Wednesday, September 11, 2013

A Few of My Favorite Things: Synth Plug-in Edition - Part 3

11. Spectrasonics Omnisphere ($499)
In my opinion, this is one of the best-sounding synths I've ever used.  Yes, it comes at a hefty price, but I've never regretted my purchase once since I got it.  Omnisphere is essentially a ROMpler on steroids(although there is also a Virtual Analog section, too).  While you'll find standard sampled source material like beautiful guitars, choirs, and sampled synths, what makes Omnisphere stand out are some of the more unusual sample sources, such as the infamous piano on fire.  Omnisphere offers a ton of programming depth and has one of the most pleasant to use interfaces I've used.  Perfectly blurs the lines between acoustic and electronic instruments in a way few other synths have.  It should be noted that Stylus RMX and Trilian are no slouches either.

12. Synapse Audio DUNE ($139)  [Read the Waveformless Review]
Nowadays, a synth with a Unison function is pretty standard.  But Synapse Audio decided to expand on what Unison does and bring it into the 21st Century.  While most Unison modes simply detune and pan multiple voices for fatter sounds, DUNE allows you to adjust pretty much ALL the parameters on a per voice basis.  This means, each voice in your Unison part can have different filter settings, different envelopes, or even be entirely different sounds if you so choose.  DUNE offers a great balance of simplicity and depth and has a very nice, modern sound.  (Buy my patches for DUNE)

13. TAL Bassline 101 ($40 introductory price, $60 regular price)
If you're looking for a Roland SH-101 emulator that is faithful to the original architecture, you really owe it to yourself to check out TAL's Bassline 101.  The original, free version (called simply "Bassline") really only shared the architecture with the synth it emulated, as it didn't really sound very 101ish at all.  But for the commercial version, the synth got a ground-up reboot and is now virtually indistinguishable from the real deal.  Even better, even though it's only been out a short time, TAL has already started adding new features such as Filter FM like you would find on the SH-101 Novamod modifcation.  If you're looking for extras like polyphony, layering, effects, and the like, you might want to check out D16 Group's LuSH-101 instead, but if you just want the sound and simplicity that make the SH-101 great, you should definitely give this one a listen!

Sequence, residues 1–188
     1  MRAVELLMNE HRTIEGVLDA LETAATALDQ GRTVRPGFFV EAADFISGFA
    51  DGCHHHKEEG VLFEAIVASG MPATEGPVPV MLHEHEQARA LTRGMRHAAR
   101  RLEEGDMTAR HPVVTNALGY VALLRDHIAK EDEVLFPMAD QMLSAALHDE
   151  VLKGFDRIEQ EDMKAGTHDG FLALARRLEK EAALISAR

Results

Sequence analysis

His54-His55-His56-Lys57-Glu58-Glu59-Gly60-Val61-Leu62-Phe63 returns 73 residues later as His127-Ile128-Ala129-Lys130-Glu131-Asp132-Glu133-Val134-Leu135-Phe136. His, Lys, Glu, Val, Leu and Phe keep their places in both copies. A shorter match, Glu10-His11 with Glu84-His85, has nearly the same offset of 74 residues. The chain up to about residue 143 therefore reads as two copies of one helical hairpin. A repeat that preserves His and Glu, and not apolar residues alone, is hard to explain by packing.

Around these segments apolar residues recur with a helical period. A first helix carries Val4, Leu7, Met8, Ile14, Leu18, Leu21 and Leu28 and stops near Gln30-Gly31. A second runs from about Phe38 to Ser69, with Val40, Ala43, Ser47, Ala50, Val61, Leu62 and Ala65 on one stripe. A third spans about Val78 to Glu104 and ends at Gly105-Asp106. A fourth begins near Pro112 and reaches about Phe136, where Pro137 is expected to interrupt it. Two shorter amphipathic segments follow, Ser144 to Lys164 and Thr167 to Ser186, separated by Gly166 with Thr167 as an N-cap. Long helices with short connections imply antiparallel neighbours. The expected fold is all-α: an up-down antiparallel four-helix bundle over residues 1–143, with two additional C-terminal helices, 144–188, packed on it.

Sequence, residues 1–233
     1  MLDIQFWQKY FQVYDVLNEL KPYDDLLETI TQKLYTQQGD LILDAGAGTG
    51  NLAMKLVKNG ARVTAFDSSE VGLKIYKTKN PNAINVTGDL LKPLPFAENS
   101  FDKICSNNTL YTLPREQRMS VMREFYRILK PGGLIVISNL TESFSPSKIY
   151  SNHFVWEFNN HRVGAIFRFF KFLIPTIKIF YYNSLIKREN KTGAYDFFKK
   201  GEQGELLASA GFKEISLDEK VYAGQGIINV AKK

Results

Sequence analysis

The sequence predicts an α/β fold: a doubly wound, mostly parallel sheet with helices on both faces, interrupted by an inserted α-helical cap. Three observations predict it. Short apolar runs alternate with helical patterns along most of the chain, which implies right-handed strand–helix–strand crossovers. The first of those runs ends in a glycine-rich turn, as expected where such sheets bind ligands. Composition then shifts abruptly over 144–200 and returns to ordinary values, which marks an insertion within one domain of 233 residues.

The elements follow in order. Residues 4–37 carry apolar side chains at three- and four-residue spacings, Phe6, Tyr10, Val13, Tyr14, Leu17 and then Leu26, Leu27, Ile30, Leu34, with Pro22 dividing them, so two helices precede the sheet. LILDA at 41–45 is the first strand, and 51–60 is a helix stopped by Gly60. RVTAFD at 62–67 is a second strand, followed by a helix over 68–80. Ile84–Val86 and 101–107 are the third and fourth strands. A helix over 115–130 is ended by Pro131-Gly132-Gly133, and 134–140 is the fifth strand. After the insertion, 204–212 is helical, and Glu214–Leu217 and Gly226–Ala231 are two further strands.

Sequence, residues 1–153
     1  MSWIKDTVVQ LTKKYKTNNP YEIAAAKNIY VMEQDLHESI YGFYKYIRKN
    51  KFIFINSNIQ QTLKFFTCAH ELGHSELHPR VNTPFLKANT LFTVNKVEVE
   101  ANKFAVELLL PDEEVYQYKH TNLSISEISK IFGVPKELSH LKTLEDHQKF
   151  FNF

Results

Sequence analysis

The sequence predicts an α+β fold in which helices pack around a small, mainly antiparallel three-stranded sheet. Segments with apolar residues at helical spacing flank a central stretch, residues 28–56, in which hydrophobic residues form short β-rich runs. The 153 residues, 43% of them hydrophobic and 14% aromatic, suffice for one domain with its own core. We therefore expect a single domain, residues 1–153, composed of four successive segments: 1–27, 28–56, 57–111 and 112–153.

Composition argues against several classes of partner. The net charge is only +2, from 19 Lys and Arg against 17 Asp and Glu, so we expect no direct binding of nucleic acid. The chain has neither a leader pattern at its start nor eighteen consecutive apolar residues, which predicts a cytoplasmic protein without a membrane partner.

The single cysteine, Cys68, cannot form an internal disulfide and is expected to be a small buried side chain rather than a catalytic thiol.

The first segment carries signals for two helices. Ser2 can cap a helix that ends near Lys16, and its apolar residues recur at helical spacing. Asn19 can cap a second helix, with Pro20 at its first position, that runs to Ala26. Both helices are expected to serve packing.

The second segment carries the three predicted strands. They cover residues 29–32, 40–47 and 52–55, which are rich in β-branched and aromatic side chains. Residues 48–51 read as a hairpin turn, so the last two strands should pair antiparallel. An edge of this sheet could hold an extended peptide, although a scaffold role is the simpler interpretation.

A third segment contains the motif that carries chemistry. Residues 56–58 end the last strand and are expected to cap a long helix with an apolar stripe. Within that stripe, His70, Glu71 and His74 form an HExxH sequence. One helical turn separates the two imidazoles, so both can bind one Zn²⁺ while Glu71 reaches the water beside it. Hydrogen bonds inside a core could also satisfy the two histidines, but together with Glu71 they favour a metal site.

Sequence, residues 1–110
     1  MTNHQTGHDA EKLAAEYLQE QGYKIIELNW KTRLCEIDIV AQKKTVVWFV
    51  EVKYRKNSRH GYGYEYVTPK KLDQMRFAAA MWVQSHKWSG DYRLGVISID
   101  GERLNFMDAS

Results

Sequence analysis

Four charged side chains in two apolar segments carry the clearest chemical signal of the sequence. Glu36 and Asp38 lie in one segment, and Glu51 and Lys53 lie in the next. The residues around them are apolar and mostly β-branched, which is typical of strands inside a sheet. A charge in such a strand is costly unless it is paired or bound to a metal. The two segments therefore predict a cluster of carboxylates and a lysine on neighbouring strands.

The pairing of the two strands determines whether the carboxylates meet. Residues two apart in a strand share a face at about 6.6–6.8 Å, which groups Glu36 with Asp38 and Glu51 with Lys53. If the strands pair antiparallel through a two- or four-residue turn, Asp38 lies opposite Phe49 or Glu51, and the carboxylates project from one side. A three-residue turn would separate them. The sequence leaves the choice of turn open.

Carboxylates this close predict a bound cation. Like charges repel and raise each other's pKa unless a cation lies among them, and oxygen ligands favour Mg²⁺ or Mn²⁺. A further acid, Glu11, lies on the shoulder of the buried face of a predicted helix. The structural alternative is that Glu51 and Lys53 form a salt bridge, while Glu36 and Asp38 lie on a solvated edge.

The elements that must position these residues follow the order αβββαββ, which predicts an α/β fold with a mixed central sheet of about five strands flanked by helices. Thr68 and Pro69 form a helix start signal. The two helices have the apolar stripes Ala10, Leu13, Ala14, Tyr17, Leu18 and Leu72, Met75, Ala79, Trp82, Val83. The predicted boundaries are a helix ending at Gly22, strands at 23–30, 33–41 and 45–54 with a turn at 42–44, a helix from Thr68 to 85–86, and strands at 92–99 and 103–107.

14. Tone2 Saurus ($119)  [Read the Waveformless Review]
I happen to be a fan of pretty much all the synths Tone2 has released from Gladiator 2 on up, and Saurus is no exception.  Although this is one of the new generations of "almost analog" sounding software synths, Tone2 took a different direction that many companies and instead of trying to emulate a specific vintage synth, created their own.  2 oscillators (each with subs), beautiful sounding multimode filters with saturation and filter FM, an Arp/Gater, simple effects and easy programability combine for a really great vintage-sounding synth.  The presets don't always demonstrate this well (many coming across as too modern sounding), but even some cursory messing around reveals this is a synth capable of very convincing vintage tones if programmed accordingly.

15. u-he DIVA ($179)
Germany's u-he are no slouches when it comes to synth design, so when I heard they were working on a synth that allowed you to combine oscillators, filters, and envelopes modeled on famous synths from Moog, Roland, and Korg, I definitely took notice.  And they didn't disappoint at all.  This was one of the first vintage synth emulations I heard that convinced me we are not far away from having plug-ins that are indistinguishable from the real thing.  DIVA sounds incredibly warm and alive, and the ability to mix and match modules from different famous synths is every bit as fun as it sounds.  Even as we speak, u-he are working on new modules for the next version, so this is a synth that will grow significantly with each major revision.  It's worth noting that the CPU usage can be pretty brutal on this one, but fortunately, multiple quality modes are available, allowing you to sketch out ideas at a lower resolution and CPU load than when you finally render the sounds to disk.  An absolute essential.   (Buy my patches for DIVA)

1 comment:

Anonymous said...

Any Native Instruments that you rate?